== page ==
[ Note: this article was written by secessus about the type of controller seen on the right. They are called CMTD among other names. ]
A configurable shunt controller can be a very good deal, sometimes less than $10 shipped. While they share the same lower-yield issues with PWM and for the same reason1) they can be tweaked for better performance.
There are three setpoints that interest us: charging setpoint, low voltage disconnect, and low voltage reconnect.
The charging setpoint, called PV OFF on the screen, is the highest voltage you want your battery to see. There are no separate Absorption voltage (Vabs) or Float voltage (Vfloat) settings, just the one PV OFF setpoint. So you have to pick a compromise. There are a couple reasons to use a higher-than-usual voltage: the battery will be able to run the panels at a higher voltage where they make more power (closer to Vmp). This means you can also run bigger loads without affecting the battery much or even at all.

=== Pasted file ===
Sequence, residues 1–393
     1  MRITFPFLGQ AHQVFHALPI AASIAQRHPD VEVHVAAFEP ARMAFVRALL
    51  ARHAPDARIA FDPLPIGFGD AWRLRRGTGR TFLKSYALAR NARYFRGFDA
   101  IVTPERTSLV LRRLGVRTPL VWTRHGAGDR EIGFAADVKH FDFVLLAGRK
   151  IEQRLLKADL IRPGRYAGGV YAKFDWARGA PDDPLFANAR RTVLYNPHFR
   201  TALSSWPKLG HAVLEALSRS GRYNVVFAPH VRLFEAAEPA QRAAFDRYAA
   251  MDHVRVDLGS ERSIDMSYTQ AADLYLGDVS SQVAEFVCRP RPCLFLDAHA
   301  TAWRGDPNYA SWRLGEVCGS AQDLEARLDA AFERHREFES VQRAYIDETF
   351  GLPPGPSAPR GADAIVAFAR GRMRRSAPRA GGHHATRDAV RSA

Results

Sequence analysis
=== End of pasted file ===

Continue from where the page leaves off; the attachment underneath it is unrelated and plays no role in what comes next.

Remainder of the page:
So if you are deep cycling the batteries daily and can check water levels one can use something quite high like 14.7v2) or as high as your battery manufacturer allows for Absorption. Check your water levels! \ If you are deep cycling but can't check water levels (maintenance free or AGM batts) Something like 14.2v. If you are using the battery each night but not deeply, you might set it to a high float-like voltage like 13.8v. If the batteries are just being maintained and not used consider dropping to a normal 13.2v float voltage.
Low Voltage Disconnect, called LOAD OFF on the screen, should be set no lower than 12.2v for actual deep cycle batteries. If you are using “marine” or wally world 12v “deep cycle” batteries 12.4v will keep the battery in a healthier 25% depth of discharge zone.
Low Voltage reconnect, called LOAD ON on the screen, should be set high enough that the panel is making meaningful power before the load is applied again. Maybe 13.4v, no lower than 13v.